I use the 5:1:1 soil, pine bark:peat:perlite for all my veggies, mixed floral display containers, and the short tern plantings (1-2 years in the same container). For ALL my trees/shrubs, houseplants (including cacti and succulents) - all the long term plantings I think will be in the same soil for 2 years +, I use the very stable 'gritty mix' seen in the picture.
Fafard makes a couple of good mixes if you can find a dealer that will get them for you. Their #51L and #3 mixes are good, with the #51L getting the nod over #3 because it is slightly more porous. I know it's sometimes difficult to locate the right size bark, but once you get a supplier located, making your own is very easy. I dump a bag (2 cu ft) of bark and about 3-4 gallons each of peat & perlite on a tarp, along with the lime & anything else I might be adding. I then mix with the flat side of a garden rake (so I don't tear the tarp) before I pull on the corners of the corners of the tarp so the ingredients are all thoroughly folded/mixed together. If you don't count the 5 minutes it takes to screen the peat to break up any clumps & get the big sticks out, I can have a 3-4 cu ft batch made in 15 minutes. Clean-up is easy because everything stays on the tarp. I use a plastic dust pan to scoop the soil back into sturdy bags I keep (like 50 lb dog food bags) for that purpose, or scoop it back into the pine bark bags for future use.
I put the bark down first & moisten, then pour the peat on top, then the perlite and moisten the perlite. After it's folded together & sits for a few minutes, the hydrophobic tendency of the peat is eliminated as moisture from the bark & perlite diffuses into the peat particles.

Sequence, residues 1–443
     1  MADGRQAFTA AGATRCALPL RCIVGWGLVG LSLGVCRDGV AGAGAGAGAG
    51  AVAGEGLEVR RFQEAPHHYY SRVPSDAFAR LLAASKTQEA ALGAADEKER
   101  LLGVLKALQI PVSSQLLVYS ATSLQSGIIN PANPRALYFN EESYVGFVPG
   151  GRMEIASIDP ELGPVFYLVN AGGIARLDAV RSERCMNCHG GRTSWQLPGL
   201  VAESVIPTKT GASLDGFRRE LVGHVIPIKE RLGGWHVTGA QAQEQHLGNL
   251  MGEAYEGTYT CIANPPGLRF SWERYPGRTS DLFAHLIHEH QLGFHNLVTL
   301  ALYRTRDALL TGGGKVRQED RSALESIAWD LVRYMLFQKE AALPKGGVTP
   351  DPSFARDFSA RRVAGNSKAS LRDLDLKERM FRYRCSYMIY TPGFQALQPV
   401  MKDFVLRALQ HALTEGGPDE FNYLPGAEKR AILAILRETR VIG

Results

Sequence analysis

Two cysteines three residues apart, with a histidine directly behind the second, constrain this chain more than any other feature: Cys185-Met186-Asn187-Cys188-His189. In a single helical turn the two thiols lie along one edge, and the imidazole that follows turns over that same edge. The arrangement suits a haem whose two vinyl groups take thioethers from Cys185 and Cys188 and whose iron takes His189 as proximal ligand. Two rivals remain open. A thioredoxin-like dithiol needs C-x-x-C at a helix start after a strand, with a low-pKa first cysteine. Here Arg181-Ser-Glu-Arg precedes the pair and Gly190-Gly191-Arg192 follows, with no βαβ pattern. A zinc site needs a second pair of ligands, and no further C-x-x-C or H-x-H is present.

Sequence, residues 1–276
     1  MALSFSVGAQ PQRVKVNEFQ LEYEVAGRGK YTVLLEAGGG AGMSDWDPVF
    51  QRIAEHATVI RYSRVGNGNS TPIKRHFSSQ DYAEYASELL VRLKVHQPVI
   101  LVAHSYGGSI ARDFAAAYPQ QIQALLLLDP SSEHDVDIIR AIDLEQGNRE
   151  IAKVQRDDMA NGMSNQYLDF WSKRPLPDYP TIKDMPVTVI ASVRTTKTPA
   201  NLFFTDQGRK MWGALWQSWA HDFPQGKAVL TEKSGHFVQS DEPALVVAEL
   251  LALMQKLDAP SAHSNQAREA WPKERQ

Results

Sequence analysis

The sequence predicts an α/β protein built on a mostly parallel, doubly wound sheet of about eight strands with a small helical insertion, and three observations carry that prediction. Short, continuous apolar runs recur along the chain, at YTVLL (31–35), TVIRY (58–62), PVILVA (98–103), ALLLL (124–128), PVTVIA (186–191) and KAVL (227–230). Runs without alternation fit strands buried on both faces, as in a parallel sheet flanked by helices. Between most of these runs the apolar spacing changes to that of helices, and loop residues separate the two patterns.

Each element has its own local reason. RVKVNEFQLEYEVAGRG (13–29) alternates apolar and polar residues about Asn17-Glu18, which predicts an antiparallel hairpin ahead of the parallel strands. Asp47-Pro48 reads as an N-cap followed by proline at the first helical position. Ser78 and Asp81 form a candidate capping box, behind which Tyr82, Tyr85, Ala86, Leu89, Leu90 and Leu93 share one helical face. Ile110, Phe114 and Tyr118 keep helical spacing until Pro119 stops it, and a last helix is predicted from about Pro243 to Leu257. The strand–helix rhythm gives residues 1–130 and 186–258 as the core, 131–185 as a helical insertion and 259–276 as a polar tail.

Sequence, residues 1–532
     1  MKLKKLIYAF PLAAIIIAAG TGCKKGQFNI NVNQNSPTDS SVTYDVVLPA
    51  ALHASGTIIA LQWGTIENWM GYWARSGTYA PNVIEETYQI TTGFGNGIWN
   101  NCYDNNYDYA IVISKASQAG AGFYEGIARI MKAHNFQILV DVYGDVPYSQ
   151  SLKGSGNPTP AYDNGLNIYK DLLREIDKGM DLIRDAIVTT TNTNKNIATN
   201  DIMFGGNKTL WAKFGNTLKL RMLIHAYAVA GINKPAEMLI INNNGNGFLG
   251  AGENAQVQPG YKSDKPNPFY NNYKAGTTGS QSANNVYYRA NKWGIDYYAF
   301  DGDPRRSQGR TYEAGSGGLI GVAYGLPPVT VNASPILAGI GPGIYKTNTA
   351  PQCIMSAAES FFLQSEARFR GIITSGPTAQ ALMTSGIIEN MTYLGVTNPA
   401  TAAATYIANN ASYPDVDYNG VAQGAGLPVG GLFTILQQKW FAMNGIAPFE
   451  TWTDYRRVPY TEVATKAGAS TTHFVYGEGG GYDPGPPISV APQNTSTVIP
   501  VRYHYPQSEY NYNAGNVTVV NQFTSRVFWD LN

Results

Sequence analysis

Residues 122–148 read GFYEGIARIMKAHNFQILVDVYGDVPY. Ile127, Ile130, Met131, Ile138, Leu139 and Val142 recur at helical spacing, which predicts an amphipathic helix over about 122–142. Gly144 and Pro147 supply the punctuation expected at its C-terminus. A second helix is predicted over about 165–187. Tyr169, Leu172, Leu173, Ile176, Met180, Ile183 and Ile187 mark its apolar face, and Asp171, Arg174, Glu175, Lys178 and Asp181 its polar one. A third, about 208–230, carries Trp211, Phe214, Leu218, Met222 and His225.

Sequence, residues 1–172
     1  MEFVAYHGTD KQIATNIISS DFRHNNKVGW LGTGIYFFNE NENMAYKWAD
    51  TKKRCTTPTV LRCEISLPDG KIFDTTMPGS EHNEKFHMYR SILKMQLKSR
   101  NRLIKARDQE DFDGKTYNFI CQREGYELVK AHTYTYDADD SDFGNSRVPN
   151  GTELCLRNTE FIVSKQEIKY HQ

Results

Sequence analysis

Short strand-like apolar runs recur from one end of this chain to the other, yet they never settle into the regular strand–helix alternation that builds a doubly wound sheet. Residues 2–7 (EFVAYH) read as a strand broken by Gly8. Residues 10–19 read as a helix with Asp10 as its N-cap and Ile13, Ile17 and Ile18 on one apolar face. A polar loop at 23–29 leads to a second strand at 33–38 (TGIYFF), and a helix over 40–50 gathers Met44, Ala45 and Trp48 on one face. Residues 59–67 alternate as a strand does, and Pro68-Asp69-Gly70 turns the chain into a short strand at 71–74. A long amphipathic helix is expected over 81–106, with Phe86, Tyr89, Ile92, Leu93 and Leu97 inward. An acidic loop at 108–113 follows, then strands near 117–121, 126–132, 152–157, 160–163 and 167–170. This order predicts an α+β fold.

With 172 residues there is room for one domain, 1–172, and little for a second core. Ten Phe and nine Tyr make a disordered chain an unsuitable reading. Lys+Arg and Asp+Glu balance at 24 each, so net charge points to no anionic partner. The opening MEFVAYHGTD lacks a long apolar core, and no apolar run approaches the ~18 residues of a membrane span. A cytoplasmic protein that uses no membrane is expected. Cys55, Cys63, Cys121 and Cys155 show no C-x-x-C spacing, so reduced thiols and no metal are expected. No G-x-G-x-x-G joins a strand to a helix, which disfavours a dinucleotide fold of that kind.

I'm getting ready this spring to repot all of my houseplants with Al's soil mix (the gritty mix). Just one little question that I haven't been able to find the answer for reading this thread, which is probably because my brain can't keep track and is in overload! What is Turface and where can one buy it?
Turface is calcined (fired at a high temperature) clay. The special clay is heated until the tiny particles fuse, so they are like hard little ceramic sponges. After screening, their large size allows water to flow through the particles, leaving large air pores between the particles, with water trapped INSIDE the particles for plants to use. The result is lots of aeration, no perched water, and good water retention.
In the picture, you can see Turface on the left and crushed granite on the right. Pay no attention to the soil on the top. It's a handful of soil from my raised beds & too fine (water-retentive) to be suitable for use in containers.
Very good Timmijo! You definitely 'got it'. The only thing I would add to what you said is that drainage layers don't eliminate PWTs, they only serve to raise them in the pot. E.g., if you have a soil that supports 3" of perched water in a 4" deep pot, after a thorough watering, 75% of the soil will remain completely saturated. If you put that soil on top of a 1" deep 'drainage' layer, it will leave you with the entire soil mass saturated.
Getting ready to screen the pine bark fines for my eBuckets! I am sooooooooo excited! Gilraen already screened and did her raised beds, and she's happy, too!
Question: I'm about to plant potatoes in my 20-gallon SmartPots and old washing machine tubs. Can I use the 5:1:1 mix or should I go with regular garden soil in those containers for growing potatoes? Last time I started with 8" of aged compost, and hilled up as the potatoes grew to the top of the containers. Then, I wrapped the containers with plastic poultry wire, and continued hilling with leaves. Had a nice little harvest.
Should I use any of your mixes for growing potatoes in containers? They like a loose, well-draining growing medium...
Lol - I don't know about that, Steve. I have a thread over at GW with almost 1,800 posts to it. ;o) Thanks though. I hope all is well with you! Spring's just around the corner.